For a real solid indicator of where Disney may go with the future of Annual Passes we should all be paying attention to what Universal Studios Hollywood comes up with when they announce their Annual Pass/Season Pass structure for next year. When that's going to come is anybody's guess. But Potter is going to be huge in Southern California. Star Was Land will arguably be even bigger.
Remember when DCA opened and they tried to limit the number of Annual Passholders because they thought it was going to be so busy? Well think along those lines, but instead of DCA something that people will actually come see.
As we did in February, let's look at a breakdown of Disneyland Passes vs every other park in Southern California. And as we did then, we'll use comparable passes with no blackout days and free parking.
* These Prices are current as of Oct 7, 2015
So if my math is correct, you can get Annual Passes to 5 major Southern California Theme Parks, most of which include admission to their attached waterparks, two which include admission to all other parks in their respective chain (Six Flags/Cedar Fair) and all of that will cost you less than the Disney Signature pass at a grand total of $768.99.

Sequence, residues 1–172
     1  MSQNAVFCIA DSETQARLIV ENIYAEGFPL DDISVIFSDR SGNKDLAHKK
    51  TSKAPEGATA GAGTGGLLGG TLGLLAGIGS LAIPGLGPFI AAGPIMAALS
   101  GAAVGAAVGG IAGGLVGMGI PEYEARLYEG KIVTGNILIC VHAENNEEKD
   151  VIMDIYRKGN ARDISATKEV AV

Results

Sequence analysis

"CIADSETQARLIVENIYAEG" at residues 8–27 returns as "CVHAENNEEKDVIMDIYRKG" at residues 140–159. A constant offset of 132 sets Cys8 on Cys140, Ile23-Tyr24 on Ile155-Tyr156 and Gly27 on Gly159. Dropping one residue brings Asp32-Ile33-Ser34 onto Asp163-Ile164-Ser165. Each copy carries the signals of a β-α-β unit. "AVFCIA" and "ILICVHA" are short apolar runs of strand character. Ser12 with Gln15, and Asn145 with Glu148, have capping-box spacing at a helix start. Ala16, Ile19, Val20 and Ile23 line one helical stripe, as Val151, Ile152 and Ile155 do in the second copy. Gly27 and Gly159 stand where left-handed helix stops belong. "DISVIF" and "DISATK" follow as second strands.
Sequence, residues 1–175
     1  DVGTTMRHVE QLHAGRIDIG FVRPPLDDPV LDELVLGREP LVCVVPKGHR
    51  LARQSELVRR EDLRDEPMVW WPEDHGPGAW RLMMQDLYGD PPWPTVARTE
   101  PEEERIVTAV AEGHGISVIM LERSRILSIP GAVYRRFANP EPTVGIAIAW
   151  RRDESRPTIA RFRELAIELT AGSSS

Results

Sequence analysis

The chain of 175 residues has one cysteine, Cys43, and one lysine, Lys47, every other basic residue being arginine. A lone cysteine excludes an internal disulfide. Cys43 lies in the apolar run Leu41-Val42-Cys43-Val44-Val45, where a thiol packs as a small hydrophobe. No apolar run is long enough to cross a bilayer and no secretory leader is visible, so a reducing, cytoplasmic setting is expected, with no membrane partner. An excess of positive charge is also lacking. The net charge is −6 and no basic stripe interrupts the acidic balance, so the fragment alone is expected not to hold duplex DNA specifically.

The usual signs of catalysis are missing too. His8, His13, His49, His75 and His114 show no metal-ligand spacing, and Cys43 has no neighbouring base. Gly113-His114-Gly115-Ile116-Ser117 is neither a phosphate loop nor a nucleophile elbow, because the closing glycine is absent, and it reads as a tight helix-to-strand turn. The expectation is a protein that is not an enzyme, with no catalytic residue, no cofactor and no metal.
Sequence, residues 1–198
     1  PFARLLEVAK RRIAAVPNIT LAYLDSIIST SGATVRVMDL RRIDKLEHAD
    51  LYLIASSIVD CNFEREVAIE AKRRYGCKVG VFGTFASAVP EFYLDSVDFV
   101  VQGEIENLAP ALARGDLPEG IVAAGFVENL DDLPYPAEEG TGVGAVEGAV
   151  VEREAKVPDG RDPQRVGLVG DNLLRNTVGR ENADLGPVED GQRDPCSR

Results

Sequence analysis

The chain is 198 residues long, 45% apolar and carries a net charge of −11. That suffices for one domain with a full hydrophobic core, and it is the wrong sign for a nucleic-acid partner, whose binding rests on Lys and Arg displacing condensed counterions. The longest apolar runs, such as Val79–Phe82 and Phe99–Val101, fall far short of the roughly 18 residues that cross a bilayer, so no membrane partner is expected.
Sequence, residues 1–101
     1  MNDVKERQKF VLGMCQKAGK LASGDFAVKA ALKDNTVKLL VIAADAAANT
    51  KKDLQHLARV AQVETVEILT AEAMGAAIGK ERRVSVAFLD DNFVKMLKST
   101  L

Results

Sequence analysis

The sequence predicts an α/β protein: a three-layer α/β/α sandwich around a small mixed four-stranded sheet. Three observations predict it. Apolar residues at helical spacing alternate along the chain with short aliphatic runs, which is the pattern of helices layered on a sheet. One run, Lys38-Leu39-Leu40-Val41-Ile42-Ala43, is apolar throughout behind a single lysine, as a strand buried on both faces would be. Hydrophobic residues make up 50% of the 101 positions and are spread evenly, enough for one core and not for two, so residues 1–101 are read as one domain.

And obviously you can pick and choose based on your location/family members. Many may not live close enough to Legoland to justify that expense, or have children in that age range. There's another $189 in savings.
Maybe you don't like coasters at Magic Mountain, there's another $76.99.
The point is, this gives you options to go out, maybe take a year off from Disney and see what else is out there. And at the end of the day, it's not going to cost you a whole lot of money.
And remember, we've compared only the top tier passes to each of these parks. There are lower cost options for each of them (other than Six Flags) that could easily fit your budget even more.
It will be interesting to come back and compare these numbers once Universal announces their Season Pass structure to see if it's still an added value or not. And of course, this isn't even taking into account another Disney increase that may come in February as it did earlier this year.